How to Save 300 Calories Today

Article posted in: Lifestyle HealthyHowTo

Want to shave some calories off your day without spending hours at the gym or giving up all your favorite foods? Try just one of these tips for a quick calorie cut you’ll barely even notice!

1. Pass on the frappucino. Even downsizing won’t help that coffee drink you’re addicted to. At one major coffee house, the calorie counts range from 200 to almost 600 calories depending on size. A coffee with skim milk and artificial sweetener is only about 15 calories. If you want to be indulgent, add a tablespoon of caramel syrup for only 50 extra calories (and two Extras on Nutrisystem).

2. Share. The omelet you ordered that takes up your entire plate could cost you 600 calories, depending on the fillings and toppings. Put half on your dining partner’s plate and you just saved 300 calories. Hint: Going halves-ies will work with your lunch and dinner entrées too!

5 Breakfast Habits That Melt Pounds

Read More

3. Mix and match. That omelet? You can eat the whole thing if you order it or make it with three or four egg whites. That amounts to fewer than 100 calories (and equates to about one PowerFuel on Nutrisystem). Want to treat yourself to a sprinkle of low- or non-fat cheese? Fine, just opt for two egg whites instead. Either way, fill up with lots of veggies, and you won’t break the calorie bank.

4. Choose the soup, chill on the sandwich. Even a six-inch tuna sub is going to cost you 430 calories and roast beef sandwich, a whopping 620 calories! But a bowl of filling vegetable soup, even the chunky kind with beef, is only about 200-250 calories (for two cups).

5. Trade cream for beans. Your favorite creamy soup doesn’t need real cream—which can add 300 or more calories a cup—to taste comforting. A half cup of pureed white beans (one SmartCarb on Nutrisystem) will do the trick, plus add filling fiber to keep you satisfied.

6. Spend “happy hour” at the gym with a friend. Three, three-ounce glasses of white wine is almost 300 calories. And, says a study by the Alcohol Research Group, you get far more than three ounces at your favorite watering hole: Your bartender is more likely to pour six-plus ounces in your glass. And since alcohol loosens your inhibitions, who stops at one? Instead of adding 300 calories, subtract them at the gym with a pal. A jog on the treadmill for 30 minutes will torch those calories. Afterwards, reward yourself a delicious “mocktail” at home. You earned it!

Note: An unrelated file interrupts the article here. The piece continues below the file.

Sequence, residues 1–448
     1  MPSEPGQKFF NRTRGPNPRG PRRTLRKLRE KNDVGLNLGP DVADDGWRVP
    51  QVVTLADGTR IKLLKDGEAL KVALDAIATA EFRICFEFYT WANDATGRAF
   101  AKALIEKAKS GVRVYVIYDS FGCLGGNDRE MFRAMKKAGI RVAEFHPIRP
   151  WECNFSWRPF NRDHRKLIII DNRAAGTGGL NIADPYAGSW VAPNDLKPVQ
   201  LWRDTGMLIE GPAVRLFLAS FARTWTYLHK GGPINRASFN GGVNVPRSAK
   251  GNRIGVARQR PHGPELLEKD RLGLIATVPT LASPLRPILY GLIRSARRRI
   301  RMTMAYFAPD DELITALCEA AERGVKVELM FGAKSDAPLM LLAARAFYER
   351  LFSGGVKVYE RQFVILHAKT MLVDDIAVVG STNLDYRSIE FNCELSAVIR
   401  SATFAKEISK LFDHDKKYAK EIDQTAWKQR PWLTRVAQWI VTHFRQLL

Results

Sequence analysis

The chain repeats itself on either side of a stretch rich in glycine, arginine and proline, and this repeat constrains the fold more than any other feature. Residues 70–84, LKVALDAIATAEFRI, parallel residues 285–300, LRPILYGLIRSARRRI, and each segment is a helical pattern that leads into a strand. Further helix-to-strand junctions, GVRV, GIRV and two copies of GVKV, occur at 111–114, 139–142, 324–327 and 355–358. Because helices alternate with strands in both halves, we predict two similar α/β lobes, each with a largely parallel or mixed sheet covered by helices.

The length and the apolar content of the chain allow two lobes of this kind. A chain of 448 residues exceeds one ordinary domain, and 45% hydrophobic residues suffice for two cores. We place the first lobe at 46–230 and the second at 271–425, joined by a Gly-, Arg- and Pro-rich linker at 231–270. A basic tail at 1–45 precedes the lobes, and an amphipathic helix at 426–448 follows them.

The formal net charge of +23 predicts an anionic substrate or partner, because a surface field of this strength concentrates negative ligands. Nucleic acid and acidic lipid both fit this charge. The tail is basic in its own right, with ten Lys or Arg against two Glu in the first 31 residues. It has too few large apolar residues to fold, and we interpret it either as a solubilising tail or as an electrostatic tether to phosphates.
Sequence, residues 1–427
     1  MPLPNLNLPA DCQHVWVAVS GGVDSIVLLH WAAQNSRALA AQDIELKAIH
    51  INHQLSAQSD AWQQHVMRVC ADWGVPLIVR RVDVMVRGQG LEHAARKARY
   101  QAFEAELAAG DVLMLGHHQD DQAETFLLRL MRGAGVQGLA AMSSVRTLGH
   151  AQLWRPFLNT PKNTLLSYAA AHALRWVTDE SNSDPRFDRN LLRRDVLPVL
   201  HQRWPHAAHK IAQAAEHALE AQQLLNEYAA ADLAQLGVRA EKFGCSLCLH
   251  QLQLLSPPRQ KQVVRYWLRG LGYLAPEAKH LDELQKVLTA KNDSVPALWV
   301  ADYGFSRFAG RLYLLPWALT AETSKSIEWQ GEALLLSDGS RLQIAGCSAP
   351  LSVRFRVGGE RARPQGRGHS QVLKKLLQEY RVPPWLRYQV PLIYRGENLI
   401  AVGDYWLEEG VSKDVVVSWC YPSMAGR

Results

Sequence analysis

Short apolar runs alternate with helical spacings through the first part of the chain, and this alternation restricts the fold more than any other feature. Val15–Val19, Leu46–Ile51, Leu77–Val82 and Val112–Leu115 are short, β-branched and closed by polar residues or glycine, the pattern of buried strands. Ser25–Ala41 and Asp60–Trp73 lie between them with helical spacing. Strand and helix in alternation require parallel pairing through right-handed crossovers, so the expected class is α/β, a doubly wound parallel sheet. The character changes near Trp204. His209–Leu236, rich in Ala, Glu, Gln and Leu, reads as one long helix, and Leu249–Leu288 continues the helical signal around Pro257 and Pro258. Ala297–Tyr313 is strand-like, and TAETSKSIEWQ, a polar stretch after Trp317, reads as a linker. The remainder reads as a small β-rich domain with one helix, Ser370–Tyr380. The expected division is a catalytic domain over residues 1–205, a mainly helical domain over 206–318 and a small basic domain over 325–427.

7. Peel off a slice of cheese. And eat just half the meat in your ham and cheese deli sandwich. One slice of cheddar is about 113 calories and ham is about 203 calories a slice. You know they pile the meat on so high you can barely get your mouth around it so you’re not going to miss half.

8. Have a drink of water. You’ve already heard that old weight loss trick: Drink lots of water when you’re dieting. But what you may not know is that since we get much of the fluid we need to hydrate ourselves from the food we eat, the differences between hunger and thirst signals can be subtle. Interestingly, in surveys measuring food and water intake in large populations, water intake drops when food intake rises. Thirst signals also grow fainter as we age. So, when you’re feeling famished, have a glass of water instead of reaching for a snack. That’s the best way to find out if you’re really hungry or just parched.

9. Jiggle your foot. Sounds crazy, right? But Mayo Clinic research found that people who “fidgeted”—jiggled their feet when seated, paced, etc.—were burning up to 692 calories more a day than those who weren’t as active (yes, fidgeting counts as exercise). The average calorie burn was 350.

10. Avoid tech at the table. Staring at your phone or the TV while you’re eating makes you consume as much as 10 percent more at your meal—and 25 percent more at subsequent meals, say several studies looking at how tech affects eating habits. University of Massachusetts research estimated people gobble up 288 more calories on average when they nosh in front of the tube. One reason, according to research published in the journal Psychological Science: We’re less satisfied with our meals when we’re distracted, so we eat more, hoping for more pleasure.